A coalition of Connecticut Democrats, including Gov. Ned Lamont and top legislative leaders, announced Thursday that they have reached consensus on legislation that could lead to a public health insurance option for individuals and small businesses by 2022.
Called the "Connecticut Option," premiums for the yet-to-be designed plan are expected to cost 20% less than current average market premium costs, according to proponents. The wide-ranging bill also includes other components aimed at driving down the price of insurance and expanding access to health coverage.
"This is a problem of great magnitude, not just in our state, but in this entire country," said Democratic Rep. Sean Scanlon, of Guilford, referring to the high cost of health insurance. "And today, we are taking a very bold step toward a transformational bill that will change the lives of Connecticut residents."
Connecticut-based insurers, a key industry in the state, immediately voiced their opposition to the bill, predicting that it would put Connecticut on the path toward government-run health insurance.
"As the Insurance Capital of the World, we should be embracing the growth of the health plan jobs here," said Susan Halprin, head of the Association of Connecticut Health Plans. She urged the General Assembly to instead examine "all cost drivers" in the health care system when trying to reduce rates.
Lawmakers in at least eight other states have proposed their own public option measures this year. Earlier this month, Washington Gov. Jay Inslee, a Democrat, signed a bill putting his state on track to create the first public option health insurance program in the country, using a hybrid system in which private insurers would offer state-defined plans.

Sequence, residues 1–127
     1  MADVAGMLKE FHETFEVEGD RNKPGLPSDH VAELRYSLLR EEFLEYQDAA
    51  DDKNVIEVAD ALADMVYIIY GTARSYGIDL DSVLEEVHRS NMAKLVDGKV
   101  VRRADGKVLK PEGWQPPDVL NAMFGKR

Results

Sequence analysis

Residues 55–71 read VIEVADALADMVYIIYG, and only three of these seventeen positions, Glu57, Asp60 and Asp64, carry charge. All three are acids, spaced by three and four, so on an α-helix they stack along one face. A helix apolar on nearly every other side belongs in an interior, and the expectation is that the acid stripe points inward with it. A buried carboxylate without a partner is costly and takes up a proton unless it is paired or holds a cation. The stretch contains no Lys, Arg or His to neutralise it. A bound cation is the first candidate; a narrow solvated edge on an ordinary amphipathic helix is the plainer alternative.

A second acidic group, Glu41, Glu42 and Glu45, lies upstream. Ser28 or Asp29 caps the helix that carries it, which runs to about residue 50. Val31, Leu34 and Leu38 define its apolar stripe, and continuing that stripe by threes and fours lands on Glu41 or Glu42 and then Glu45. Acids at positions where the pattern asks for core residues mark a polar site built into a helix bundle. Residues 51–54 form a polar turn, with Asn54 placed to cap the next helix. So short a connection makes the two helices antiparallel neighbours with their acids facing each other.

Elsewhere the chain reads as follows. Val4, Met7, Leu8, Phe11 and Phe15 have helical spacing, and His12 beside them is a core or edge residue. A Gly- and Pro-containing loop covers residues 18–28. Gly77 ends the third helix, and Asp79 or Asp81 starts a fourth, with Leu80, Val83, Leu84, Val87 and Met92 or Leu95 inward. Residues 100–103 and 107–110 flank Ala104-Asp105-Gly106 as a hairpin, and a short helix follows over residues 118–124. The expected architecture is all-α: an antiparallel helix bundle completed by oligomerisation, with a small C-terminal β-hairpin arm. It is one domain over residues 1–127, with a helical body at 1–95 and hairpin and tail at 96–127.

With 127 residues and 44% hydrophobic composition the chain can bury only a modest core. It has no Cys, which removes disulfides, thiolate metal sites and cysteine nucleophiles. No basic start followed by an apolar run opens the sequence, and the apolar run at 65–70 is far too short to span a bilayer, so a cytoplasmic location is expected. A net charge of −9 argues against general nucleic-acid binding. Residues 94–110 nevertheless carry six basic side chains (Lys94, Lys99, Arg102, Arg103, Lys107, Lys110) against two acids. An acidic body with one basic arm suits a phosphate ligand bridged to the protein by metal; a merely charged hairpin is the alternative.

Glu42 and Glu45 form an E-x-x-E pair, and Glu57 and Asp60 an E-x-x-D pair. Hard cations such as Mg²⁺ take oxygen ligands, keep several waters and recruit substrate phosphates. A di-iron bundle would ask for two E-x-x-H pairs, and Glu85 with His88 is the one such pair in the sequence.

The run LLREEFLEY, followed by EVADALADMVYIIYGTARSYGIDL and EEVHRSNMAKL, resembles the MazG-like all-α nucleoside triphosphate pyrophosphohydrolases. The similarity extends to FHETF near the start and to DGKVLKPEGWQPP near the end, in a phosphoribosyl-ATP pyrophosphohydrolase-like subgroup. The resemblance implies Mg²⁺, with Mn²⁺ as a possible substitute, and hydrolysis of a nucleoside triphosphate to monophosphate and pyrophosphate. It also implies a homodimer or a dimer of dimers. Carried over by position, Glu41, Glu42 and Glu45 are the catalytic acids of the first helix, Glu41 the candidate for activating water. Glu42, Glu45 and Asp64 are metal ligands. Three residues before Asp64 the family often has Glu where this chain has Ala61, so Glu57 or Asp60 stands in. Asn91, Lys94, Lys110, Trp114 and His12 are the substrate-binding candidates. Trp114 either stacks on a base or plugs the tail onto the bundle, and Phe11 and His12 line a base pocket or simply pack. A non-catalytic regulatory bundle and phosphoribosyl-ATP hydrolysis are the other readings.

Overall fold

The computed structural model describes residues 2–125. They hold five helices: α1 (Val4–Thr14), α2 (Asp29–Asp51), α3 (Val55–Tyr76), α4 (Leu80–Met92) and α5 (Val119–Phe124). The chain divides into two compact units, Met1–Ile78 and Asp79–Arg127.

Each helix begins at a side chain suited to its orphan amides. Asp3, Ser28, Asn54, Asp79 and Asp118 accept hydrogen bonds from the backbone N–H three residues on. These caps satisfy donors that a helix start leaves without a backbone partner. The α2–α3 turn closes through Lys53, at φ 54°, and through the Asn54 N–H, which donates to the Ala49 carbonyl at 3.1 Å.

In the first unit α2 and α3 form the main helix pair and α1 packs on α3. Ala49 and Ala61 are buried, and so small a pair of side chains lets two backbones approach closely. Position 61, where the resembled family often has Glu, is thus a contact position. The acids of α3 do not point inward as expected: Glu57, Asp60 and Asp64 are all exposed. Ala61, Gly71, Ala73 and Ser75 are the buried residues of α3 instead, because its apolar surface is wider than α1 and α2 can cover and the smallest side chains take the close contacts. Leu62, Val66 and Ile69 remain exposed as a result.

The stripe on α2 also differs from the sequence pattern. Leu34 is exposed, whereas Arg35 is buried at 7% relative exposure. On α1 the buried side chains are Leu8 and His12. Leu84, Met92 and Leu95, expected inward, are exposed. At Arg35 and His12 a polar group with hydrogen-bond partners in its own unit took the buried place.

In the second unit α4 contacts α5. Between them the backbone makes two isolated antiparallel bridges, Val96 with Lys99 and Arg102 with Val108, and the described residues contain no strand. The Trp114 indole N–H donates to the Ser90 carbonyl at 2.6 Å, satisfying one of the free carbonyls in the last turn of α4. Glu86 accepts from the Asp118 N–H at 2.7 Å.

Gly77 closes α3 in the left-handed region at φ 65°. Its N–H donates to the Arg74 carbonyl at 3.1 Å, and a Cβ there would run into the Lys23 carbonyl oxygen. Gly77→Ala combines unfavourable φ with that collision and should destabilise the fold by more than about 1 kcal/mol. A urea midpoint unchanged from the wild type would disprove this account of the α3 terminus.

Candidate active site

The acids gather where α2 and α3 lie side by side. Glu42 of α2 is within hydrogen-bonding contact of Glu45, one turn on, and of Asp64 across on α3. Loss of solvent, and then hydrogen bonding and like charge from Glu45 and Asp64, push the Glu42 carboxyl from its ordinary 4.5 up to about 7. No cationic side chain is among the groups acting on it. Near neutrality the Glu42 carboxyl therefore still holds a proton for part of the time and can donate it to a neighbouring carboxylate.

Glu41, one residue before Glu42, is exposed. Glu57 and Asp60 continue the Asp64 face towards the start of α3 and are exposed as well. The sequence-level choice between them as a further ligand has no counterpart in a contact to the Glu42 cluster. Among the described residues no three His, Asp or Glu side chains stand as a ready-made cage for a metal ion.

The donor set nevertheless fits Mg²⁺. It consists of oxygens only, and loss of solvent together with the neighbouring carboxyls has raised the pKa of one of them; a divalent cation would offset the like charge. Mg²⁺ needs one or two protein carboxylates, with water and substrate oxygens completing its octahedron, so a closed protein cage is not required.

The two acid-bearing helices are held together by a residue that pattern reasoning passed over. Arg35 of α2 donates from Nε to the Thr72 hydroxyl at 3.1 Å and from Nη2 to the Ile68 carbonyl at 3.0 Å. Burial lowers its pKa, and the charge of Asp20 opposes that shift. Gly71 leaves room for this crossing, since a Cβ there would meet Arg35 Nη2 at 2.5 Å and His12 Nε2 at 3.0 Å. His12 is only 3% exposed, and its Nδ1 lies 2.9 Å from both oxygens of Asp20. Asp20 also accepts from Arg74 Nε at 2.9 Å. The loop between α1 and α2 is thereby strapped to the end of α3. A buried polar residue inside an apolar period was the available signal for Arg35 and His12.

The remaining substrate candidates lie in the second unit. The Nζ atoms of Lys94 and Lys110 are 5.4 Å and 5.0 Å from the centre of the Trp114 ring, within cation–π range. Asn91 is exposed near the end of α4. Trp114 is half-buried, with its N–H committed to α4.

Democratic Sen. Matt Lesser of Middletown said Connecticut's wide-ranging bill would be the "most ambitious" health care bill proposed by any state this year. The Connecticut Option would be designed partly by the state's Office of Health Strategy and offered by private health insurers both inside and outside the state's health insurance exchange. The bill would also seek federal permission to import lower-cost prescription drugs from Canada.
The measure would also reinstate Medicaid coverage that was cut in 2016 for 26,000 parents; restore on a statewide basis a program under the federal Affordable Care Act intended to stabilize insurance rates; and provide subsidies to people currently ineligible for premium relief.
There is also a plan to closely monitor health care spending growth in the state, a move proponents hope will help curb prices.
To pay for all these features, the bill calls for reinstating the ACA's "individual mandate," a financial penalty for those who choose not to buy health insurance. It would also impose a tax on prescription opioid manufacturers and a surcharge paid by insurance companies.
News of the bill took minority Republicans by surprise. It comes about two weeks before the June 5 legislative adjournment deadline. Senate Republican Leader Len Fasano, of North Haven, said unveiling such a wide-ranging bill so late in the session was an example of the Democrats' arrogance. The party now holds a stronger majority in the General Assembly than it did last year.
"Not once, not once, had the Republicans even known this was going on or that a bill of this magnitude was being discussed," he said. "We found out from lobbyists last night."
Fasano questioned how there will be enough time to vote on such a consequential bill that "hasn't had one day of sunlight," noting there hasn't been a public hearing devoted to the proposal, which originated as a proposal to allow people to receive coverage through the state employee health insurance program.
Scanlon said he is hopeful that lawmakers might vote on the bill sometime next week, after the Memorial Day holiday weekend.